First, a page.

Newspaper Page Text
'ITTLE Mandy and her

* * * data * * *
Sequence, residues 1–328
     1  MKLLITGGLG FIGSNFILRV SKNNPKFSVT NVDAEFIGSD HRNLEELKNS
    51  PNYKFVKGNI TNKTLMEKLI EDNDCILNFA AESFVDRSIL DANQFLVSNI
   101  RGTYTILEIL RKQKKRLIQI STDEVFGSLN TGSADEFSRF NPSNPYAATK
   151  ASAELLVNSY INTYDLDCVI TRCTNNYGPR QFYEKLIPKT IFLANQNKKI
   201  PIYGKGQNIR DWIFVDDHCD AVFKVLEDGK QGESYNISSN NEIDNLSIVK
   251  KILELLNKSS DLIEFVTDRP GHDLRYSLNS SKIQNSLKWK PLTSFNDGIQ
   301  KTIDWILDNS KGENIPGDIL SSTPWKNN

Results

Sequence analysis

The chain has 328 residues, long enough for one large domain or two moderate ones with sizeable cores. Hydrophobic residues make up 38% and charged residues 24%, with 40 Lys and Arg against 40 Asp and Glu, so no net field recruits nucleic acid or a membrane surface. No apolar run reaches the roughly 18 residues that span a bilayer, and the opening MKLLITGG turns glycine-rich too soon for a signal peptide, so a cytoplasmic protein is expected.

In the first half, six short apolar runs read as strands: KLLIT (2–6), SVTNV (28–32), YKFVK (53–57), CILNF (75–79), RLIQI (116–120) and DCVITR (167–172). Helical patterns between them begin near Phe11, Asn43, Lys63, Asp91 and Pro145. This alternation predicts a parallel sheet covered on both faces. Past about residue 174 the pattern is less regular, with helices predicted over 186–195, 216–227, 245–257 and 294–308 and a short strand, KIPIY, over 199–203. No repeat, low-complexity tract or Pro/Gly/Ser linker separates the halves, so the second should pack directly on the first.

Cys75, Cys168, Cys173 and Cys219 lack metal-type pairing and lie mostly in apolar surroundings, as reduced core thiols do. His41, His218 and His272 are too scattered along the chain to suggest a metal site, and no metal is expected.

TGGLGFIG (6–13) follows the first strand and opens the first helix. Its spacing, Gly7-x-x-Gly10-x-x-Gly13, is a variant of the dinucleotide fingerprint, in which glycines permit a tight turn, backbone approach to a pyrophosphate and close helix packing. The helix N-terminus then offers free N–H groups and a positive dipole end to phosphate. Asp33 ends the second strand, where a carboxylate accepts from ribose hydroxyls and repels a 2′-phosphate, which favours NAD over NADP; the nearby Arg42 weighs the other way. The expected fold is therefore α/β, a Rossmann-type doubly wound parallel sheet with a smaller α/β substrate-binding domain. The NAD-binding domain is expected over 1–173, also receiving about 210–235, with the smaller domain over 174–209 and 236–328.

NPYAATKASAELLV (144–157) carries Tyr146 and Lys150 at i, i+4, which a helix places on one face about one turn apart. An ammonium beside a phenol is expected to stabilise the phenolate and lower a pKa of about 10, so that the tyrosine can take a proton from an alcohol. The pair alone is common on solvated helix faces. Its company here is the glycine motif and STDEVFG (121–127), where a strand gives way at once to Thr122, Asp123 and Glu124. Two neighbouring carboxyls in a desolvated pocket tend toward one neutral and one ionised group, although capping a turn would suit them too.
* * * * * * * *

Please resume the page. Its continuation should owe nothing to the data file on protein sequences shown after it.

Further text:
MaMI 'S poorest folks you ever saw! Lived in poorest house in town, Where the fence 'uz all tore down. And no front-door steps at all 1st a' old box 'g'inst the wall; And no door-knob on the door Dutside,--y! but they 'uz poor! Wuz no winder-shutters on, And Borne of the windfers gone. And where they 'uz broke they'd pas'e [st brown papr 'crlost the place. Tell you! when it's winter there, An d the snow ist ever'where, Little Mlandy's Ma she say 'Spec' thy'll freeze to death some day. Wunst my Ma and Me--when we lien to church, and's goin' to be :'hris'mas purty soon,---we went There-like the Committee sent. knd Sir! When we're in the door, Wus no carpet on I the floor, And no fire - and heels and-head 1i Little Mandy's tuck ed in bed. And her Ma telled .-:i my Mla she : Got no coffee but ist tea, And fried mush and's all they had sense her health ? broke down so bad. he" Nen Ma hug and hold me where Little Mandy's layin' there; And she kiss her, too, and nen Mandy kiss my Ma again. And my Ma she telled her we Goin' to have a Chris'mus-Tree At the Sunday School, 'at's fer All the children, and fer her. Little Mandy think-nen she Say, "What is a Chris'mus-Tree?" Nen my Ma she gived her Ma Bomepin' 'at I saw. And say she must take it,-and She ist maked her keel) her hand - Wite close shut, and nien she kiss . Her hand-shut ist ike it is. SNen we comed away ... And nen - _ When its Chris'mus Eve again, And all of us chil derns be At the Church and Chris'mus-Tree- And all git our toys and things 'At old Santy Claus he brings And puts on the Tree;-wite where The big Tree 'us standin' there. And the things 'uz all tooked down, And the childerns, all in town, Got their presents-nen we see They's a little Chris'mus-Tree. Wite behind the big Tree--so We can't see till nen, you know, And it's all ist loaded down With the purtiest things in town! SAnd the teacher Z" smile and say: . "This here Tree 'at's y" hid away It's marked 'Little . \landy's Tree!' Little M and y ! Where is she?" - Nen nobody say a word. Stillest place you ever heard! Till a man tiptoe up where Teachers' still a waiting there. Nen the man he whispers, so Ist the Teacher hears, you know. Nen he tiptoe back and go Out the big door-ist as slow! Little Mandy, though she don't Answer-and Ma say "she won't Never, though each year they'll be 'Little Mandy's Chris'mus-Tree,!' Fer pore children"- -my Ma says And Committee say they guess "Little Mandy's Tree" 'ull be Bigger than the other Tree! (Copyright, by Bobbs-Merrill Co.) PICKING A P1RSTNT 1 DLLAT y DovuLA sALocn HEN Harry Platt and that girl friend of the Greens (I forget her name) were married, it was one of those my-goodness - gracious Just-think-of-that af fairs, with no one in on the secret except the suburban minister who tied the knot, the cab man who drive them out there and the girl from the minister's kitchen, who was a witness, and left a thumb-print of grease on the certificate (she was frying doughnuts at the time) and the minister's wife (at least the name was the same). Let's see, where was I? Oh, yes, when the Platts were mar ried, it being that kind of a wedding, there was no chance to send them a wedding gift as I would have liked to do, or to have done. (whichever is proper, or grammatical, though I'm sure I can never tell which) But Mr., Platt is one of thie nicest men in the office, that is, he was before this happened. So I felt we ought to do something for him, just 'to show our good will-and, anyhow, we've dug down for others we thought much less of, so why shouldn't we for him? But the wedding was over, without in vitations, or even a reception, and they were housekeeping before we knew it. So what could we do? Well, just then Christmas came along not just then but two months after the wedding. They were mar ried October 29, so it wasn't quite two months, but / that's close "' enough. When Christmas came t R along, that is, just before it came along, I sug- p. gested that we make up a purse and give them a sort of delayed wedding present, just to show our good will. Every body thought it was a splendid idea, that is, of course, except \l r. Platt, whom, of course, I didn't con cult. So I got up a subscription paper and went to everybody in the office (except Mr. Platt, of course). I got $26.60, including ten cents from the janitor, who wasn't expecte 1 to give anything but wanted to give some thing, which shows just how popular Mr. Platt was with everyone in the building, when a janitor even would chip in. Christmas shopping is hard enough, goodness knows, when you do it for yourself; but when you do it for a stock company capitalized at $26.60, with 28 stockholders, with 28 different kinds of ideas and tastes, then Christ mas shopping rises above a mere an noyance to the dignity of a real trou ble. And that's what I was up against. I thought it would be nice to get an expression of opinion. So I went around one morning and asked for ideas. But I couldn't get a word. No body could think of "anything. I couldn't myself. At noon I went out and looked. I walked miles. I priced. then I went back to the office. You should have seen my desk. Honest, you would have thought some one had turned in a gen eral alarm: They couldn't wait for me to get back. There they were-28 of them, (that is, 27, or 28 with me). They all had suggestions, and they were all different. The head book keeper thought an arm chair would be nice. (He stands up all day). The collec tor thought a rain coat would be . 4 best, while Miss Jones suggested a dress pattern. They all said, of course, that they left it entirely to me; and then each went away sadly, as much as to say that he hoped I wouldn't be so i Ifoolish as to buy any of those other things that the others had pro posed. The next day I looked again. But either a thing was too expensive or I would have money left. It is remark able how few things there are in the world you can buy for $26.60, no more, no less. And then I saw it. It was in a de. partment store, and marked down from $50 to $26.60! There it was, to a cent! A great, big, glittering, mag nificent Punch Bowl! Nobody had thought of that! But, to make sure, I sent the sales ticket with it and told the Platts they could exchange the punch bowl. if they wished, for something they liked better. And what do you suppose those Flatts did? In January they traded in that mag nificent punch bowl for three tons of HE club looked just the very thing Gerald Man nersley was craving for -a sense of home. A few lines read ac. cidentally in an out-of date newspaper had made him restless with longing for the old scenes. And so he had traveled two days and nights in a sleeper, vaguely connecting his jour ney's end with all the love and friend ship his starved nature was demand ing. When he arrived at his old club on a chill, grey Christmas morning, it was only to find that fifteen years' si t absence had been too severe a test for friendship. The place was enmlty of all but servants, and they wore strange, unwelcoming faces. He stood at the club window, look ing out on the desolate, deserted street which he had falways remem bered as being thronged, and a great sadness swept over him. This was not what he wanted. From his pocket he drew out the scrap of paper which had really brought him :-o many miles, and looked at it bit terly. It was only a death announce ment cut from a paper of a year ago. and ran in the usual way-"Michael Townley, at his residence," etc. In fancy he saw a sweet-faced made n, who sought her hap piness only in the eyes of the youth by her side. There were joy bells there, too, .. as they left the church with the fragrance of mu tual love about them. The bells peal ed on outside, and willing fancy led him still further into the realm of "might have been." In an instant he made up his mind to visit once more the old-fashioned cottage not many miles away, to which he had hoped fifteen years be fore to take a bride. lie would go and see it, even if its neglected con dition only added to his loneliness and pain. Two hours later he was striding through the crisp country air along a winding path which led to a ram bling, ivy-covered cottage. As the last turn brought him in sight of the house he stopped in sur prise. lie had expected to see dirt, ruin, and decay, but instead lie looked upon a trim, well-kept cottage, and a soft, crooning song, in a voice which reawakened the tender memories of long ago, came floating through the unlatched door. -Ialf believing that it must be fanicy leading him still, he entered the house softly, and, following the voice, went into the inner room, and stood in the glow of the warm firelight. The sweet, tired-faced, middle-aged singer turned as his shadow fell across the light, and then stood white and trembling. "Gerald!" she whispered. "Gerald! have you come to reproach me? Not today! Not today!" The strong man's voice broke as he held out his arms. "Nance!" he cried joyfully. In a moment she was crushed, sob bing, to his breast. "Oh, Gerald! is it really you? Cod is very good. I thought you must be dead." For several moments they stood thus, the strong man's tears fall ing on her grey tinged hair'. Then he gently put her into a chair. "You are not. alone?" he asked as his eyes caught sight of a little table laid for two, daintily s p r e a d with Christmas fare. "Yes," she answered. "I am quite alone. I have often come down here." "But you are expecting somebody?" he said, calling attrention to the table. She flushed prettily, looking almost as young as she had in his dreams of the morning, as she replied: "I was expecting you, Gerald." He smiled happily at her; then the smile faded, and he sighed as he sank into a chair. "This is all foolishness, Nance," he said sadly. "You could not live here in the old days, you could do so less now, and I could not live here on an other man's thousands." A smile hovered over the woman's face as she flitted here and there, busily preparing things for a meal. Then she slipped behind a chair, and leaning over whispered with burning cheeks: "Perhaps you do not know, Gerald, that-that Mr. Townley's money goes back to his family if-if I marry again." The man sprang to his feet and took her into his strong arms again. "It is not too late," he cried. "We, are still young. Will you let me try to make you happy?" Her answer was drowned in the( burst of Christmas bells that pealed 1 from the village church close by. liut he did not need her words; he could see her eyes. Happy New Year of Many Nations EWI YEAR'S day has for for generations been the occasion of revels. It has come down to us from the old German custom of di viding the year at the close of those months when it was no longer possible to keep cattle out doors. This was made quite a fete and in the sixth century was merged into the feast of St. Martin, November 11, on which day the opening of the New Year was celebrated. While in Germany Martinmas and the New Year were identical, with the introduction of the Roman calen daur the celebration was gradually transferred to the first of January, and with it went many of the jolly Martin In:-s customs. Traces of these old New Year ob servances and supersitions can still be traced in the way the season is kept in different lands. .ur decorations of greens, for in stance, are a relic of the old Roman suitterstition of piresenting branches of trets for good luck in the coming The giving of presents has also come it uis from the Romans. They outdid evenii the generous Americans, for they utsed to ask for gifts, if not received, until one of the emperors forbade his subjects demanding gifts save on the NeNw Year. One of the favorite New Year.'s gifts after pins were Invented in England, in the sixteenth century, were the rough hand-made pieces of metal that took the place of bone and wood skewers Later phi money was substituted. A gift that must never be omitted was an orange stuck with cloves to grace the wassail bowl. Apples, nuts and fat fowl were popular offerings of Shlio season. Gloves and glove money is a very old New Year custom which is still keplt up in the Increasing use of gloves as holiday gifts. Even more curious are the old New Year customs. Many of these are still observed by old-fashioned people who cling to the old traditions. The old-fashioned Englishman will formally open .the outer door of his house on New Year's eve just at the alplroach of midnight. This is to let out the old year and usher in the new. The Scotch make much of New Year. It is generally ushered in with a "hot pint," brewed at home and drunk by the family standing around the bowl just as midnight strikes. After hearty greetings to the New Year, the "hot pint," with bread, cheese and cakes, is taken to the houses of the neighbors. The first to enter another's home on the first of January bestows good luck on the fam ily for the year. In many of the Scottish regiments even yet the ushering in of Noew Year is most picturesque. At five minutes before twelve the soldiers, headed by the oldest man in the regiment dressed as Father Time, nmarch out of bar racks headed by the band playing "Auld Lang Syne." Just at the stroke of twelve there comes a knock at the gate. "Who goes there?" calls the sentry. "The New Year," is the answer. "Advance, New Year," is called back. The gates are thrown open and the smallest drummer lad in the regiment, dressed in lHighland costume, is car ried in on the shoulders of the risen, and marched around the barracks to the pipers' tunes. Tho rest of the ntght is spent in carousing. op .o .s - '- o / ýTný O~~;L~7 ~ O~ li I b ý'ý 29d ý ,[A rayer fonr L Ne PJar "1r TERNAL God, in whom" is the hope of all our years, remember us in Thy mercy also in this new year of our Lord. Reveal Thy glory in the experience of its joys and Ssorrows. Forestall its tears with the abiding comfort of Thy presence. Mak e us strong rightly to measure all our gains and to endure with patience every loss Thy love allows. Show us Thy meaning in the gifts and opportunities of each new day. Assure us of Thy help in labor, Thy delight in our joys. QOicken our minds to clear vision and our hearts to cheerful content. Provide for our bodies such vigor as shall be needful for our allotted work. We leave to Thee the mystery of the year's events, assured that Thou wilt guide our way. With hold from us all gifts which would prevent Thy purpose for our growth in wisdom and in service. Only deny us not Thy. self -Thy Spirit to instruct our hearts, Thy work to share, Thy peace to still our restlessness, Thy presence to resolve our doubts. In the sifting of temptation grant that our faith fail not, and when our years are ended bring us to Thyself, through Jesus Christ our Lord. Amen. 4l Happy New Year Just tt t the turn rtof mlnight, Yhen tho children are fast asleep, The tired (rhi Year slips out by hitnsolf, (lad of ai chiir.e to Ie laid on the shelf Anid the New Year taes a perirp. ,Iest gift of (Zime 'lThe passing of years is liko the coming of davwn ---slow, silent, inevit able. The most eager ('aullnl. hasten the quiet, irresistible mIovemntflit, and the miost relnuctant I;nnot forbid.i. Sonic gifts the years bring whicth we would fain decline-- age, sorrow, disappoint ment. Some treasures lhey t;kltt. which we woulld keep forlever- -youthrl, bIeati y, innocencle.. uilt Il ltr I re tlito . pIree Ious treLiasures which t tlite (cannot sullllly and lth(e s(i.l's annolllllt remolllve friendshipl, )patience, faith and love. Herbert L. Willett. Tie wind ri blw there arnd lthe wlrindl blew here, Anrd Iriuightt from Some where the small New Yra r. It ta,,rpped. for him at each door iiandI pane And never once was a knock In vain! All good folks. waited the corning chiltd. Their doors they opened and on him smiled. Inside he stepped, with a happy face, And softly slipped in the Old Year's place. Said he: "I bring nyou a RBo of Days. Tied round with tissue o l rainbow rays; I give It joyfully, for I Icknow, Though all days may not with gladness glow, Each gift holds some precious bit of cheer To win your thanlks," said the sweet Child Year! Good New Year's Resolves The New Year is a good time to "leave the low-vaulted past," to drop the yesterdays, to forget bitter mem. ories. Resolve that when yoiu cross the line between the old and the new year you will close the door on everything in the past that pains and cannot help you. Free yourself from everything which handicaps you, keeps you back I and makes you unhappy. Throw away all useiless baggage, drlop overything ress. Ci t ier the door ,tt tih tow yei-a wilth a BlIri shlate and al flree mindll . Don' t O t mortgaigted to the past, ardi tle:," loos back.- Orison Swett Maurdln in Suc. cess MaIgazine. Origin of New Year Gifts ,ike the! cUstomlls of ('hzristmas, which, in their originl, are a iroious mixtuire of poetry atn symbolhlism and of siuper'stition, those that belong to the observance of New Year's day are also relies of ideas that date from early heath en ages. The French de rive their term for New Year pres ents from the Latin word, Strenia, the name of a goddess whom the Ro mans venerated as the patroness of gifts. There was a grove in Rome dedicated to this goddess, where it was customary to get fresh twigs, to give as presents to friends and relatives on New Year's clay. During the sway of the emperors, Roman subjects made New Year's gifts to their sovereign. Augustus received such quantities of these that he had gold and silver statues made of them. Tiberius did away with the usage, because he con sidered it too troublesome to express thanks for the gifts. Caligula, on the contrary, reintroduced the custom, and even made up for his predecessor's re fusal to receive presents by requir. ing those that had been offered to him to be given to himself as arrearages. The custom of making New Year's gifts, notwithstanding attempts to sup press it, was continued after Europe had become Christian. For a time pres. ent making was transferred to Easter. but later it was again associated with the first day of January. SHE SAVED A QUARTER MRS. ARMES GOT RID OF THE SPURIOUS COIN. But the Poor Young 3irl Who Ao. cepted It Over the Counter was Forced to Pay the Penalty. Mrs. Armes handed $1.25 to the girl at the glove counter in payment for her purchase. "Even change," she said. "Need I wait for the sales slip?" "We are not allowed to deliver the package until the cashier sends back the voucher," the girl explained. "Here it comes now." She caught the box as it fell from the tube, and pulled out the slip. A quarter fell out with it. The girl glanced quickly at her customer. "I am very sorry, but we cannot take this quarter," she said. "It Is not a good one." Mrs. Armes frowned. "Isn't that a bother!" she exclaimed. "Of course I have not the remotest idea where it came from. I shouldn't know the dif ference. I wonder if my dimes are counterfeit, too! It makes one feel so doubtful." The dimes and nickels, however, proved good, and a moment later her purchase was handed her. Mrs. Armes took It absently. 11cr mind was still busy with that quarter. "I've got to get rid of it somehow," she reflected. "I can't afford to lose it. I'll try the little corner store. I'll get some thread there." The little corner store was a tiny, pathetic place, kept by an elderly woman whose face showed how diffi cult the struggle had been. She never had more than one assistant-always young and inexperienced. Today the girl was a new one. She accepted Mrs. Armes' quarter without qurstion, and that lady, with a sigh of relief, hasti ly put her thread in her bag and left the store. Five minutes later Miss Earle hap penedl to go to the cash drawer, and her fingers touched the spurious coin; she drew It out at once. "See, Lucy, this is a counterfeit," she said, and sihe showed the girl how it differed In weight and "feel" and ring from a genuine coin. "You won't make such a mistake again. I'm sure," she went on. "I'lI sorry, but I shall have to take this from your pay tonight. I can't afford to lose it; my profits are too small.' The girl's face' darknneod. She made no protest, for she knew the meager profits of the shop, only-it seemed so cruel! Twenty-five cents was all that she was allowed to keep out of her scanty wages, and this week she had been planning a tiny treat for little sick Isa's birthday, and now-the hot tears filled her eyes. But Mrs. Armes had "saved" her quart'er!-Youth's ''ornparnion. He Got Fined Anyhow. In a sparsely settled region of West Virginia a motor car driver was once haled before a local magistrate upon the complaint of' a constable. The I magistrate, a good-natitred man, was not, however, ahsolutctly certain that ihe Washingtonian's car had been driv 1 en too fast, and the owner stoutly in sisted that he had been progressing at the rate of only six miles an hour. "Why, your honor," he said, "my en gine was out of order, and I was going t very slowly because I was afraid it would break town compiletely. I give you my word, sir, you could have walked as fast as I was running." "Well," said tlie magistrate, after due reflection, "oil don't appear to have been exceeding the speed limit, but at the same tile ionl must have been n!ilty of something or youl wouldn't be here. I fine you $101 for loitering." Just a Sentimental Angora. ` Mrs. Moloriarity owns a goat, for which she has a warm affection. All the neighbors regard Nanny as quite is much a lmember of the Moriarity family as its aMichael or Kathleen. ()nie fine mnorning Mrs. Riordan lname running across the street with her shawl over her head and said: "Mrs .Morarilty, what is the matter wid Nanny? Is she sick. I seen her I'anin' again Ihe corner of the house. and she was lookin' ill!" "The saints bless you, Mary Ann," replied Mrs. Morlarity. "Nanny ain't sick! She climbed up on the cinter table last night and ate the mistletoe, and it made her sentimental, that's all!" Worthy of Her Hire. A northern lady with philanthropic symptoms was trying to instil a little economy into her husband's colored tenants. One of them, Mary Kinney, an antiracesuicidlst, kept a colored girl as nurse to her group of ten growing American citizens. "Mary," remarked the lady, "do you think a woman in your circumstances can afford a nurse?" "I dunno 'm, as I kin, but I don't pay her but 25 cents a month, an' I pays dat in ole clo'es, and," with a wide smile, "she don't git dem."-Lip. tincott's Magazine. Baron Von Steuben's Grave. The plot about the grave of Baron von Steuben, near Remsen, is covered with weeds and wild saplings, the monument is defaced and needs point. ing, and the little path that leads to the historic resting place of all that is mortal of the great Revolutionary lead er bears a neglected appearance. Steps will be taken to care for tho -ave.- Dryden H.